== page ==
The information on protein molecule structure at atomic resolution is useful for various purposes such as understanding the mechanism of chemical reaction and developing medicines for therapy. We manage Protein Data Bank (PDB), the archive of such data. We receive the deposition of structural data determined by experimental method, and provide the archive which is accessible with no charge. PDB was established in 1971 with seven structures. Recently the number of entries increased dramatically by developing the experimental method and now we keep more than 100,000 PDB entries. PDB includes various structures such as myoglobin (PDB entry 1mbn (Figure 1), which is the first structure of the protein) and hemoglobin, which is composed of four myoglobin-like chains. We also provide interactive interface "Yorodumi"(Figure 2), which enables the operation of molecules by mouse action. Another feature of our site is a Japanese keyword search (Figure 3).
Computational group theory (CGT) method investigations have been conducted for a hexakis-methylamine nickel(II) complex cation [Ni(CH3NH2)6]2+ [hexakis(methylamine-κN)nickel(II) dication] to find 54 possible conformers. Considering all the conformers, six conformers have been finally obtained after optimization based on the Density Functional Theory (DFT) computations. The most stable conformer has been found to be a helical conformer (C1 symmetry), which is suitable for avoiding steric repulsion between adjacent ligands. A related zinc(II) complex ([Zn(CH3NH2)6]2+) has also been investigated, and the same conformer was found to be the most stable. Since the energy differences among the conformers have been found to be very small, the conformers are thought to be mixed at room temperature, and the dominant species are thought to be changeable by environment for both complexes.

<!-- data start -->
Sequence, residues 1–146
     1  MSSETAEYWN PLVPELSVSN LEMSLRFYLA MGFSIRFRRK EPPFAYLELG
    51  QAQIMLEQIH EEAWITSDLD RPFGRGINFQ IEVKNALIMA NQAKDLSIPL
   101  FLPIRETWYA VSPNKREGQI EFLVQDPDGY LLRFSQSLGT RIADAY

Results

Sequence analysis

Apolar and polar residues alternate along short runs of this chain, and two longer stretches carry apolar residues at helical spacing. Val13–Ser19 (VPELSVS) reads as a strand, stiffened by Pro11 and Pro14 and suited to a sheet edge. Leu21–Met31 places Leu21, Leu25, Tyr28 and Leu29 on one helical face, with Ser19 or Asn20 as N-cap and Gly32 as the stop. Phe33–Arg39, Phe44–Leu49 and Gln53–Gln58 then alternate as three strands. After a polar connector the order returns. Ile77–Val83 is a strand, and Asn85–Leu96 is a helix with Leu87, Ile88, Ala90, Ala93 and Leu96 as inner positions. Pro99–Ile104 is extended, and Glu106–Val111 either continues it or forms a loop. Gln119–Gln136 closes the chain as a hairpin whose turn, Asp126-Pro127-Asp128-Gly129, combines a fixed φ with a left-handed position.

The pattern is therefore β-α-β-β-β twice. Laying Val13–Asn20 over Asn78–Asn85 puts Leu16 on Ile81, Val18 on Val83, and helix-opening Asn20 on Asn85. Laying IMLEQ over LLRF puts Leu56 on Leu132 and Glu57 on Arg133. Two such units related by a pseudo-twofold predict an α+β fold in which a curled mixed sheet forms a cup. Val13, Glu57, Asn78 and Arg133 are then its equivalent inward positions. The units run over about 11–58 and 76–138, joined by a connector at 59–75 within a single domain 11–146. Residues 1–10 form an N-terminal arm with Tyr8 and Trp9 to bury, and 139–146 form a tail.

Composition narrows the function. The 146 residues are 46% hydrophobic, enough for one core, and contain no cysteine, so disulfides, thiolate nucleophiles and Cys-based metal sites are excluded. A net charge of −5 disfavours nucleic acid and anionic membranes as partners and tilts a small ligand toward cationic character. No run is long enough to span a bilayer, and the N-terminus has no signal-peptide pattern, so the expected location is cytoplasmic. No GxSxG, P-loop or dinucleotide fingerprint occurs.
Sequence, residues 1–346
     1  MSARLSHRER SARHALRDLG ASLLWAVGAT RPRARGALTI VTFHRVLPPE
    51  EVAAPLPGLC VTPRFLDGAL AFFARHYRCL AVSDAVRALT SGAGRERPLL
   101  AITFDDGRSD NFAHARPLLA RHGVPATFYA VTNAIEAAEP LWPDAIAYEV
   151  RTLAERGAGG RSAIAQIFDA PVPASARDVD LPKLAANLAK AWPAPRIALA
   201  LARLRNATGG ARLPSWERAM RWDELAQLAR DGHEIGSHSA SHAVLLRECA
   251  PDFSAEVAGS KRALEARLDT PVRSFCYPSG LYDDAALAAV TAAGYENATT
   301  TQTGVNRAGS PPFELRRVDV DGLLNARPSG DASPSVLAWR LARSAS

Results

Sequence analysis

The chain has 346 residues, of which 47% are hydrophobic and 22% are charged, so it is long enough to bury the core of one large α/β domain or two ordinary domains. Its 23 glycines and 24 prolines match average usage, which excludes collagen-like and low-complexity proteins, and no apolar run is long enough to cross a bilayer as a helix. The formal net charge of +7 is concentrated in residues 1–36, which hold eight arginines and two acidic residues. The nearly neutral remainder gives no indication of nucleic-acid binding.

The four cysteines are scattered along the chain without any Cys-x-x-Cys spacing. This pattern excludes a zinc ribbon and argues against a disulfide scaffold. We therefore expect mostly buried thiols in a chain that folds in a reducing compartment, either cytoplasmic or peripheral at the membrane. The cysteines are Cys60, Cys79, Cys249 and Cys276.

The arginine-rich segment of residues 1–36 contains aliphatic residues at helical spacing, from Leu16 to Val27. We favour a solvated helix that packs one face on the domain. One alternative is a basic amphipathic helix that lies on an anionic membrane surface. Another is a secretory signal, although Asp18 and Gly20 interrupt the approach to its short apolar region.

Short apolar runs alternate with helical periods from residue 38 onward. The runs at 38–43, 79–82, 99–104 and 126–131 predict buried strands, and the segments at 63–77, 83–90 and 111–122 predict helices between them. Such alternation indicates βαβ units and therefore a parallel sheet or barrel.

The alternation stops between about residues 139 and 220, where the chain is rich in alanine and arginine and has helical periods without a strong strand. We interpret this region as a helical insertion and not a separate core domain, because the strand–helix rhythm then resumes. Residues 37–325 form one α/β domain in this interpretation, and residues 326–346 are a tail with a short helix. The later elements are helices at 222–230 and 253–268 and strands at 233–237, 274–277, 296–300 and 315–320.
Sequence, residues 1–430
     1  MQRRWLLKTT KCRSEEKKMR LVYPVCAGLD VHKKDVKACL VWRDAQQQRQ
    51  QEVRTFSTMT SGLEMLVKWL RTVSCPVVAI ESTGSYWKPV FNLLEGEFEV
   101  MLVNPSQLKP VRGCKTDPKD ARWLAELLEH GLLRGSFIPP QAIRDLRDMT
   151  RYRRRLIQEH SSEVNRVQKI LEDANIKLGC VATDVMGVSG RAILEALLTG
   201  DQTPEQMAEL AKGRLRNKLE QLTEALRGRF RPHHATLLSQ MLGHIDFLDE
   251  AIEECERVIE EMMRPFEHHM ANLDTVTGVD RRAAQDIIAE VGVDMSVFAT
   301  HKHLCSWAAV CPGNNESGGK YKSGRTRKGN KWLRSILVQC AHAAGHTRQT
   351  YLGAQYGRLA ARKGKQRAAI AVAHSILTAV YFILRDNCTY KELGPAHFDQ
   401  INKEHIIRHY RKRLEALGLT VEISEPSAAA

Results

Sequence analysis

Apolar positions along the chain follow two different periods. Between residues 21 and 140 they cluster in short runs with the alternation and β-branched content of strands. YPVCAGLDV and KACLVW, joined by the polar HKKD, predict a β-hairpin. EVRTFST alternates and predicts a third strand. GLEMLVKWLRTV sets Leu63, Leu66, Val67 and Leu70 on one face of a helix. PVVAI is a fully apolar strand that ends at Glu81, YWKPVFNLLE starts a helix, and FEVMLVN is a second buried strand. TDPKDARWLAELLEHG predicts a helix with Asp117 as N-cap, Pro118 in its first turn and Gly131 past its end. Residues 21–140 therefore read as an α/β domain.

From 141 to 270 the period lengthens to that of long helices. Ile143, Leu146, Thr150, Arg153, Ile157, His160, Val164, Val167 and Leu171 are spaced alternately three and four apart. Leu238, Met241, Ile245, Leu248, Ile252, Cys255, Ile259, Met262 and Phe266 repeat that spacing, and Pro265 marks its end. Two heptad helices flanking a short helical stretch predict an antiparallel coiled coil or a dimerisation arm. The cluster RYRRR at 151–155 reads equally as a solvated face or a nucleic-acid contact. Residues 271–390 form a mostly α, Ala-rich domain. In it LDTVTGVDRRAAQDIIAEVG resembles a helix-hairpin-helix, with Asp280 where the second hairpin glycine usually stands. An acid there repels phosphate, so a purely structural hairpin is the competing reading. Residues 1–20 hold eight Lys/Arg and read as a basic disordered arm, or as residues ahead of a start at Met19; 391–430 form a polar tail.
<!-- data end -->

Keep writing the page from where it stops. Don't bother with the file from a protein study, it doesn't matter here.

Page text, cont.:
Methodologies beyond the Born-Oppenheimer (BO) approximation are nowadays important to explain high precision spectroscopic measurements. Our work is the first development and application of the diagonal BO correction (DBOC) based on spin-free relativistic Hamiltonians. We used the second and infinite-order Douglas-Kroll-Hess Hamiltonians at their spin-free levels. Our test calculations of noble atoms (He – Xe) show that the DBOC energy (EDBOC) is approximately proportional to atomic number Z. Hence the BO correction generally increases when a molecule contains heavier atoms. We also computed the adiabatic corrections to the barrier heights for linearization of H2X molecules where X = O, S, Se, and Te, to discuss DBOC corrections for heavy elements.